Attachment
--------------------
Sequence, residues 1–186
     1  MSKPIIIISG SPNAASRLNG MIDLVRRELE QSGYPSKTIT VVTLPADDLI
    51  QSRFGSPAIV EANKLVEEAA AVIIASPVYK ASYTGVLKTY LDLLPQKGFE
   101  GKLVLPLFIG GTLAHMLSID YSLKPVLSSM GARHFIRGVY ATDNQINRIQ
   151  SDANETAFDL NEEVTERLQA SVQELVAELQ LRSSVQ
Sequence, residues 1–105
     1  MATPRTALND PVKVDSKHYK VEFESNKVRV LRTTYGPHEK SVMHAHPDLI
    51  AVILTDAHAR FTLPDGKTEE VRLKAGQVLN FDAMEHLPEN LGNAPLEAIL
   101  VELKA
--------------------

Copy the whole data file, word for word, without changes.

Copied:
Sequence, residues 1–186
     1  MSKPIIIISG SPNAASRLNG MIDLVRRELE QSGYPSKTIT VVTLPADDLI
    51  QSRFGSPAIV EANKLVEEAA AVIIASPVYK ASYTGVLKTY LDLLPQKGFE
   101  GKLVLPLFIG GTLAHMLSID YSLKPVLSSM GARHFIRGVY ATDNQINRIQ
   151  SDANETAFDL NEEVTERLQA SVQELVAELQ LRSSVQ
Sequence, residues 1–105
     1  MATPRTALND PVKVDSKHYK VEFESNKVRV LRTTYGPHEK SVMHAHPDLI
    51  AVILTDAHAR FTLPDGKTEE VRLKAGQVLN FDAMEHLPEN LGNAPLEAIL
   101  VELKA